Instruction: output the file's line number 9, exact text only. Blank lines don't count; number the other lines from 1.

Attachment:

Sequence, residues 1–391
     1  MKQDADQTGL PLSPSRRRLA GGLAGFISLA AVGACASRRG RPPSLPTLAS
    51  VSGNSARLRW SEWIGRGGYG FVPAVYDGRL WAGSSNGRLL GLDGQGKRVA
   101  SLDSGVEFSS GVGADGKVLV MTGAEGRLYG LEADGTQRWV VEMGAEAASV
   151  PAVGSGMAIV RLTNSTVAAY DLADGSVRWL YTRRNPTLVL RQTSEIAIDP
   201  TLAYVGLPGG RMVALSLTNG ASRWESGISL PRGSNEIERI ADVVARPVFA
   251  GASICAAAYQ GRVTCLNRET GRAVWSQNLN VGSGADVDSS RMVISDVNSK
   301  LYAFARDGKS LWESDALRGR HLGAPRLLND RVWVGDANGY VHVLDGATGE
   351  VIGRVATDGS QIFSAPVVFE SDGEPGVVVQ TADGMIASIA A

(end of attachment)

   351  VIGRVATDGS QIFSAPVVFE SDGEPGVVVQ TADGMIASIA A